Industry forced to find extra £1.3bn to fill fuel tanks, says FTA 04 August 2011

Road freight operators have had to find an additional £1.3 billion over a 12-month period just to cover the rising cost of fuel, figures from the FTA's Cost Information Service show.

The Freight Transport Association says that the 12p per litre rise in the cost of diesel – from 99.29ppl in July 2010 to 111.21ppl now – has caused typical annual costs of fuelling just one 44 tonne truck to rise by £5,700.

The situation could have been worse, says James Hookham, FTA's managing director of policy and communications. Back in March, FTA and its partners in the Fair Fuel UK campaign won some breathing space for hauliers by influencing the government's decision to defer the planned one penny above inflation fuel duty hike.

Coupled with a further reduction in fuel duty of 1ppl, this industry-wide lobbying effort saved the logistics sector around £625 million in tax alone.

"Times are very tough right now, with rising oil costs and limited cash flow conspiring to make survival, rather than growth the number one priority for many businesses operating trucks," comments Hookham.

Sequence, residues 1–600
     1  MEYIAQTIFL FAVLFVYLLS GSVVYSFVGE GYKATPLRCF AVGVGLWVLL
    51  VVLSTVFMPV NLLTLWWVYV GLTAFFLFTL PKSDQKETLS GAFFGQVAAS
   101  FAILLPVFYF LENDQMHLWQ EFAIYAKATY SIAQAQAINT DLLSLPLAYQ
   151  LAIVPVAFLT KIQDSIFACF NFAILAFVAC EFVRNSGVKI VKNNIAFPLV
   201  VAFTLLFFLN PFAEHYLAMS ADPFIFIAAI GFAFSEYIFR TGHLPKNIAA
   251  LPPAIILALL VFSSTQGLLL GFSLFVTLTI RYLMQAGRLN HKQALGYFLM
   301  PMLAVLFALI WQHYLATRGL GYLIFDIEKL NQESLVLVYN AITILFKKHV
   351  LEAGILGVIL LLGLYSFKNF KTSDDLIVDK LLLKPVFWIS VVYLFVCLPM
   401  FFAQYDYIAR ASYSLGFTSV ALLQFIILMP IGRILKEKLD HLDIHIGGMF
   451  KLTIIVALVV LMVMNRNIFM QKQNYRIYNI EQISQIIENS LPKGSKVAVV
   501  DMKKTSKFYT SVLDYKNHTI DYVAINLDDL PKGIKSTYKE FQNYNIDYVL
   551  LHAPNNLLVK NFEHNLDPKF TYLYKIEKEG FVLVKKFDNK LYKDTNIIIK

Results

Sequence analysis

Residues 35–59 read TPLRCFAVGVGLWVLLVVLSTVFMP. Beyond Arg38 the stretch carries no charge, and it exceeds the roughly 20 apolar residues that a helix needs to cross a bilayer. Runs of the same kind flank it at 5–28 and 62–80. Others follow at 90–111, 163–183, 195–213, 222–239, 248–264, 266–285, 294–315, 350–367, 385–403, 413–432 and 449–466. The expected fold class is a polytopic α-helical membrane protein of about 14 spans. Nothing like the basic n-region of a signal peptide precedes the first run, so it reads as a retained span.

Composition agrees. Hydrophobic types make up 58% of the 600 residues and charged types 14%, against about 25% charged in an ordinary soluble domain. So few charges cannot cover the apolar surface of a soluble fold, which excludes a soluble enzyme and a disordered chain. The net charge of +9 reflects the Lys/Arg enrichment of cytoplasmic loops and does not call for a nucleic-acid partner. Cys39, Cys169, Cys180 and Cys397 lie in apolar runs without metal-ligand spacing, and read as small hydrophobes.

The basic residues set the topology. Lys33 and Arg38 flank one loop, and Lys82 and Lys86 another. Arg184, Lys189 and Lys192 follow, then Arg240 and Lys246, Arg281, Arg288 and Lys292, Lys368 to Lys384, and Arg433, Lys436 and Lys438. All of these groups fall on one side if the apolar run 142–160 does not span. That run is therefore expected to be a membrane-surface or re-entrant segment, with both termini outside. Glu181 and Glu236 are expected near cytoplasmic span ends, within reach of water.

"Diesel is not an optional extra for commercial vehicle operators and the result of more fuel tax rises will be either destruction of companies or increased prices for customers, ultimately fuelling inflation," he adds.

"Government could help by deferring the duty increases planned for January and making further cuts in duty rates now. It wants to know what it can do to help growth in the economy – here is our number one ask."

Brian Tinham

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Freight Transport Association Ltd

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